That said, the chip-sets that do the actual audio digitizing have/use their own clock frequencies [you see them when you set audio files to use 22 or 44.1 or 48 or 96 kHz etc.]. When you digitize video OTOH scanning or sampling is timed at completely different frequencies that *do not* match those for audio. Software &/or hardware has to account for that difference to maintain video/audio sync -- you can record video with 1 app, & *at the same time* record audio with another, & despite the fact that both are recording the same thing, *they will not exactly match* [something more obvious with longer recordings]. When captured/recorded or converted audio/video lose sync, most always software is just falling down on the job.

If you're recording video at a higher bandwidth than your setup can handle, you lose or drop video frames, but the audio [the easy part] stays constant. To directly answer the question: "... too high a frame rate would mean no or bad audio?", no, it shouldn't. It is easier for your hardware & software to write fewer frames per second to your hard drive, simply because there's less data to handle, but [unless something's broken] the end result of trying to record more than your setup can handle should just be dropped [i.e. repeated] video frames... IOW it can look terrible, but the audio should be fine.

Capturing what's on-screen means additional challenges because your PC/laptop has to both display video & screen capture it. Software also has to account for the different ways video can be displayed -- it was easier when all Windows could use was Video Overlay, but that's no longer the case. On-screen video can now use 1 of several different Direct Show renderers, depending on what software you've installed, including later versions of .NET [I just checked & in win7 I'm showing 9 different choices]. Setting/Changing which one's used by default isn't that easy. Long story short, for better video screen capture you can try different capturing apps [beside some being written better than others, they can work better/worse with different renderers], turn graphics card or chip hardware acceleration on/off *when available* [e.g. right click a Flash player window & through options in the context menus turn hardware acceleration on/off], try different players, &/or web browsers for on-line video as some use hardware accel, some don't, & they can use different renderers. You can try to have as little as possible running in Windows, & optimize writing the captured stream to disk -- a fast video codec is critical, but also mind basic stuff like not writing your capture file to a heavily fragmented hard drive, & don't target the system drive if/when possible. And while just about any PC/laptop can capture a regular video stream nowadays [the data rate via USB is not exactly earth shattering ;-) ], for screen capture the same *does not apply*, especially if you're trying to record Flash HD video -- it takes a fair amount of CPU & often GPU just to play it, & you may not have enough left.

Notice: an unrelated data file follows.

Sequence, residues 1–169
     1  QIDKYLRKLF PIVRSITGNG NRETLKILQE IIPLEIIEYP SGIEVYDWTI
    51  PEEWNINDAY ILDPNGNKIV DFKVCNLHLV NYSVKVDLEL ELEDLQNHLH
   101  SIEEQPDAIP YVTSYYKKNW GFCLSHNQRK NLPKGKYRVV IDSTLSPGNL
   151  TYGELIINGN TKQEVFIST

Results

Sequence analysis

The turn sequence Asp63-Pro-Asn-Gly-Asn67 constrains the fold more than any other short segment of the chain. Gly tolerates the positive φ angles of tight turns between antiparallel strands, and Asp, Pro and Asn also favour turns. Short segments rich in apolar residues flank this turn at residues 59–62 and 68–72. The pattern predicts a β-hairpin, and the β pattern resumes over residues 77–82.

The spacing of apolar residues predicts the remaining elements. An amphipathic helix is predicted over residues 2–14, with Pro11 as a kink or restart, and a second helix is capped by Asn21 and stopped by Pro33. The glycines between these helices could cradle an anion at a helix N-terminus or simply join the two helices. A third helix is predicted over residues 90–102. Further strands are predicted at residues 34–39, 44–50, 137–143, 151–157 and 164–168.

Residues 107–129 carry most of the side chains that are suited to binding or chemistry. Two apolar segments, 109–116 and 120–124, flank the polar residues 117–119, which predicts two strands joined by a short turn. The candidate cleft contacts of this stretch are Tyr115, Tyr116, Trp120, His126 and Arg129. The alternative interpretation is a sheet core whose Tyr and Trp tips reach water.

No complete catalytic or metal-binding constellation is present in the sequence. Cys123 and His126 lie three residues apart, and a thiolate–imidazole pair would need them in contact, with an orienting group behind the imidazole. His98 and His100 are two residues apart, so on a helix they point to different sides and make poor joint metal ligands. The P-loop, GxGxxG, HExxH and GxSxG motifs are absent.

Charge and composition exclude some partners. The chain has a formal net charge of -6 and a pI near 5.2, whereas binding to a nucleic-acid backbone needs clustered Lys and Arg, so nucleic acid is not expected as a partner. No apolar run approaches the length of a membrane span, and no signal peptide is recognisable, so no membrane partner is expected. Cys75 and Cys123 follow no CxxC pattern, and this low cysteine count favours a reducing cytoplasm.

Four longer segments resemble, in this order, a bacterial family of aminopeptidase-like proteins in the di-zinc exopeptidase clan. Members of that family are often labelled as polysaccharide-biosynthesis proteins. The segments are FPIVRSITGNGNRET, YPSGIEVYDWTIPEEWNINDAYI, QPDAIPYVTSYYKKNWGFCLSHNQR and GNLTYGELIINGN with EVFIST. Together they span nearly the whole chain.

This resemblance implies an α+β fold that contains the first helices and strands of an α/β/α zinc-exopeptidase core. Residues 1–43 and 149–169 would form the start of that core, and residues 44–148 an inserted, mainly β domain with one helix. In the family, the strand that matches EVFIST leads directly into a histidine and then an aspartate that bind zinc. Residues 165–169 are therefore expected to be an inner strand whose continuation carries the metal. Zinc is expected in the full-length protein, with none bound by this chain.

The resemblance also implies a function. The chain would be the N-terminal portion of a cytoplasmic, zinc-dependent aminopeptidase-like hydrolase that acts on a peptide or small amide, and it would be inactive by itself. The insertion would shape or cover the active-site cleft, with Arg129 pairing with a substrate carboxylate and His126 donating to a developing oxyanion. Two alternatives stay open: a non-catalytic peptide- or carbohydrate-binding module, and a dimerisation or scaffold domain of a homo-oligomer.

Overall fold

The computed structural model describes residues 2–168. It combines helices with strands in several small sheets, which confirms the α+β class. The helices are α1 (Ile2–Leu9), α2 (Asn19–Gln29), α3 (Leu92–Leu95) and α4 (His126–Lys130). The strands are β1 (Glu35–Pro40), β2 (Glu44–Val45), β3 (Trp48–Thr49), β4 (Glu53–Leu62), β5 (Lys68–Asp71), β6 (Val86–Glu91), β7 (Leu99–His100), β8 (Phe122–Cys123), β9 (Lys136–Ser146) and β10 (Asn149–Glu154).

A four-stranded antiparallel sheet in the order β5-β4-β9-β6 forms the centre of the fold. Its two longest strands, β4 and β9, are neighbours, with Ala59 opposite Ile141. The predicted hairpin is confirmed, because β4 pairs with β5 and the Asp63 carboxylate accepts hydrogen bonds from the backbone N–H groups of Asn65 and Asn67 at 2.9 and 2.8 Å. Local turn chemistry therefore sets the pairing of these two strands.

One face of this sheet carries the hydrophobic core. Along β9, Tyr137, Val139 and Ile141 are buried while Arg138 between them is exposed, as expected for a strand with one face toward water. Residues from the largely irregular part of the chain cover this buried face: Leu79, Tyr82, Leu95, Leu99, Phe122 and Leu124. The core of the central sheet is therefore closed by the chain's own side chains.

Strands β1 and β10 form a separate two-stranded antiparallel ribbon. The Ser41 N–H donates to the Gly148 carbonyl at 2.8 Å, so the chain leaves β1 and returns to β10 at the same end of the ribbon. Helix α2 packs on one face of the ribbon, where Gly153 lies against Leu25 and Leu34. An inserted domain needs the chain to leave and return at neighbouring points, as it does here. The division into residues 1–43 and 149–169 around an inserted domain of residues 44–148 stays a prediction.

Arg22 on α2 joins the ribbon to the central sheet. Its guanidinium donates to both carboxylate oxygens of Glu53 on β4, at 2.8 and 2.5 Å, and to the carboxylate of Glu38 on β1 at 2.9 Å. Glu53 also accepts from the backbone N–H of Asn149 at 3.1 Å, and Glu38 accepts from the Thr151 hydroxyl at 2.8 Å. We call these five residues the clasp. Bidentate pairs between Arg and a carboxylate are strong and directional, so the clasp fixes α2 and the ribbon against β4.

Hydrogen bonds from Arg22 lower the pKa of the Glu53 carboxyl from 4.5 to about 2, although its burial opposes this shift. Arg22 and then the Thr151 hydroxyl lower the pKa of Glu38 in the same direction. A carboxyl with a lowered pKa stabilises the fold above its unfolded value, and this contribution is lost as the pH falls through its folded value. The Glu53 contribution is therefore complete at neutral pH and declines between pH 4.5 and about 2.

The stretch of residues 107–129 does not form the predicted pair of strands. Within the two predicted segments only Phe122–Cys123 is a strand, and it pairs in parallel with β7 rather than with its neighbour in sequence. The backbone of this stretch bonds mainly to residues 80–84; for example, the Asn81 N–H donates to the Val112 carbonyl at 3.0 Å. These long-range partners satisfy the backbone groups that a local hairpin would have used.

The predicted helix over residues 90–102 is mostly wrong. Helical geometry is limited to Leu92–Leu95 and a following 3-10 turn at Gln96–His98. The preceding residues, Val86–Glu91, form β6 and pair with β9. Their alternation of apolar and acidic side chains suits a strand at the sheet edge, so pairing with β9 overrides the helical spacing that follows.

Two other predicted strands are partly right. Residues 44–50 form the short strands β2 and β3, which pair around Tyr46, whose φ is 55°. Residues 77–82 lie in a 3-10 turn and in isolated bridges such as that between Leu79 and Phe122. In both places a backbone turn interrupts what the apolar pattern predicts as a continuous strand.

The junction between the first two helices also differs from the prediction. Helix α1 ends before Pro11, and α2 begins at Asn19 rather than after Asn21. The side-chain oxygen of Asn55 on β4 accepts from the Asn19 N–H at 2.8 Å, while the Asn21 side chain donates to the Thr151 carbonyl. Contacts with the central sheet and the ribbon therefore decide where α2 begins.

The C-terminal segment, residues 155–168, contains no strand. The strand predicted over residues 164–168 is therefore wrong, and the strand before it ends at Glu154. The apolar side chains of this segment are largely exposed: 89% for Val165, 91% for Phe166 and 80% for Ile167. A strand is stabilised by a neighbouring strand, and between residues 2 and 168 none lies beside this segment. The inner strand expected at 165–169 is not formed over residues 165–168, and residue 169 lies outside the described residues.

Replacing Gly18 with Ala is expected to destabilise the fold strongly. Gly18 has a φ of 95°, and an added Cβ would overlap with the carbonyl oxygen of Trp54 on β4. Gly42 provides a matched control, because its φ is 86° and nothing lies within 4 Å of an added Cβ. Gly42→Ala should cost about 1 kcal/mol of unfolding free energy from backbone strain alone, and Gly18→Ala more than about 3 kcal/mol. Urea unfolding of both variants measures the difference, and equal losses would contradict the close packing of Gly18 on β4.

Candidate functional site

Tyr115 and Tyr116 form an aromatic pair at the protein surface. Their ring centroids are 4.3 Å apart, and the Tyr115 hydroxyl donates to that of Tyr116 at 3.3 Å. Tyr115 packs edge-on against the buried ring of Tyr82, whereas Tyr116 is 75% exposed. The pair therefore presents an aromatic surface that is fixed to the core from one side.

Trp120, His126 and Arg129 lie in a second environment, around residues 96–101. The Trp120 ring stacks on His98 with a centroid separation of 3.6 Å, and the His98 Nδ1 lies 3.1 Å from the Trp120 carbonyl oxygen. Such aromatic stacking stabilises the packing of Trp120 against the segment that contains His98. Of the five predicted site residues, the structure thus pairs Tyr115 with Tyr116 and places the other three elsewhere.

mike  –  13 years ago  –  Ritieni questo commento utile?  | no (+42)
#2

Hi,

This software was offered June 5, 2010 here:
http://www.giveawayoftheday.com/screencamera-2-1/comment-page-1/#comment-190690

Then post no. 2 by acr asked wether this program would record (movie-)audio from the desktop. I'm asking the same question here and would add "...and if so, how? Do you need a microphone plugged in? Or does the program grab the audio together with the video without much ado?"
#58 Rayok was quite convinced at the time, that it does record streaming audio.

Something may have escaped me seeing that I didn't succeed in solving this problem then - and forgot about it afterwards...

Could it be that the recording speed influences the audiostream - too high a frame rate would mean no or bad audio? Just an idea...

Anyone out there any ideas?
Thanks!

Pat.

Patrick  –  13 years ago  –  Ritieni questo commento utile?  | no (+30)
#1

Let me correct myself. It DOES allow you to select a specific region. The way you select the region is just a little unconventional. It works, though! Very nice!

SpaceEagle  –  13 years ago  –  Ritieni questo commento utile?  | no (+30)